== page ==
Next, the process proceeds to S137 and the managing device 11 determines whether or not rack position numbers of all the electronic devices to be managed were determined. If the managing device 11 determines that a rack position number of at least any of all the electronic devices to be managed is yet to be determined (No in S137), the process returns to S134 and the managing device 11 extracts an electronic device whose rack position number will be determined next. Subsequently, in S136, the managing device 11 determines the rack position number. In this manner, the rack position numbers of all the electronic devices to be managed are determined. If the managing device 11 determines that the rack position numbers of all the electronic devices to be managed were determined in S137, the managing device 11 terminates the process (normal termination).

FIG. 48 illustrates the managed device information table after the rack position numbers of the electronic devices (network switch 21 and operation servers 13) are recorded.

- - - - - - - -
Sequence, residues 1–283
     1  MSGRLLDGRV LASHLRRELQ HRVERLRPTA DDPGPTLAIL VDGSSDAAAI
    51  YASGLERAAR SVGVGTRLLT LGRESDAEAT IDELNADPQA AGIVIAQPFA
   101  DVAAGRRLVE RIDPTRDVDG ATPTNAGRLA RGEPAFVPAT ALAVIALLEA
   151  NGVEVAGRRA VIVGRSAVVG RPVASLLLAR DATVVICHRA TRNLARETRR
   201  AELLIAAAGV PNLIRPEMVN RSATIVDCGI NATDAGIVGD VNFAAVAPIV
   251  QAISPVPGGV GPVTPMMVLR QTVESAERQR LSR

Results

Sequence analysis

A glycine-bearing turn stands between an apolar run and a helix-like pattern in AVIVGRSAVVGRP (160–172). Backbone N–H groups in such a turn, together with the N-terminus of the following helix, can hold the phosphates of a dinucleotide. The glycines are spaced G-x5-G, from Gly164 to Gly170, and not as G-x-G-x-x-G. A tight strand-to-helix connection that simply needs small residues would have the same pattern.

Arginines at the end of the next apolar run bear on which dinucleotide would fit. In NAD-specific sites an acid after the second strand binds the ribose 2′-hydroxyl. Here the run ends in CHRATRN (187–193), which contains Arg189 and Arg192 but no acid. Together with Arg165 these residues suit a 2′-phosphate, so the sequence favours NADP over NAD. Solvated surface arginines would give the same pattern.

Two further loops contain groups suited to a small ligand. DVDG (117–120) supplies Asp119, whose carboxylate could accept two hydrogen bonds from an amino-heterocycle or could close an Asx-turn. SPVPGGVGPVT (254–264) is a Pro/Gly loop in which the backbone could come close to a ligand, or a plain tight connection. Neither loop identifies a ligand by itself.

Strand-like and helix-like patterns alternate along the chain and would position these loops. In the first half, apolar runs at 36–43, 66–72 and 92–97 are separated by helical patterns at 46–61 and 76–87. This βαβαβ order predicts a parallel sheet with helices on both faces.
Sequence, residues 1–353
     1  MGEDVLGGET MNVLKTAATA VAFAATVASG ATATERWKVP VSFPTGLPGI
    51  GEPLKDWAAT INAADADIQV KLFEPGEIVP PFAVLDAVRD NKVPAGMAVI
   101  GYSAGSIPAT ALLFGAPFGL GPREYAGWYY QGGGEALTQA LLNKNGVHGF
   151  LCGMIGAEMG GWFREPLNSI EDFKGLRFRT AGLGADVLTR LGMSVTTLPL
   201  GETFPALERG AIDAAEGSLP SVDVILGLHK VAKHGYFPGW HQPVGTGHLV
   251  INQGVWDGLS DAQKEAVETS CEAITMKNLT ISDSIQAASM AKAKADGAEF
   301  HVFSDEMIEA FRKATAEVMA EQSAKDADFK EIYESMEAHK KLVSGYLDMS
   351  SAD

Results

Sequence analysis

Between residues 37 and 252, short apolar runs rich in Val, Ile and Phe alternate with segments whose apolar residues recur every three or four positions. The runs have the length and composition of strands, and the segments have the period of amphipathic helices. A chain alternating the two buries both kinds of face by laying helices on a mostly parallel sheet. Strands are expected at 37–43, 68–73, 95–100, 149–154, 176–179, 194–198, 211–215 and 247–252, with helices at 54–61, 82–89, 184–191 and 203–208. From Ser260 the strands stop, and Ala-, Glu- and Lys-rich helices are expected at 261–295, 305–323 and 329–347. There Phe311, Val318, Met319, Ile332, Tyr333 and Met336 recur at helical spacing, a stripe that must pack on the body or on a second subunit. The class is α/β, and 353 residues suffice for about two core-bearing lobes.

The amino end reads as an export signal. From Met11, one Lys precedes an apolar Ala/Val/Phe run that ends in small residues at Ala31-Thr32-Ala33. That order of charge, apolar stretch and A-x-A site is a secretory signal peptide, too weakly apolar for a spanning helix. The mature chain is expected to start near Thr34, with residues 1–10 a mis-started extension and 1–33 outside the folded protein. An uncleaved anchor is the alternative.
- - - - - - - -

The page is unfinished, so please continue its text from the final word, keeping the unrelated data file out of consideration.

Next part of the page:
In the fourth embodiment, the temperature sensors 15a and 15b and BMCs 16 that are mounted as standard in the servers 13 are used, and the operation servers 13 are automatically associated with the positions of the operation servers 13 in the racks 12. In the fourth embodiment, a module storing positional information and a sensor for acquiring the positional information are not used or a specific device such as a PDU is not used, and thus effects of improving general versatility and causing installation cost to be relatively low are obtained.

Fifth Embodiment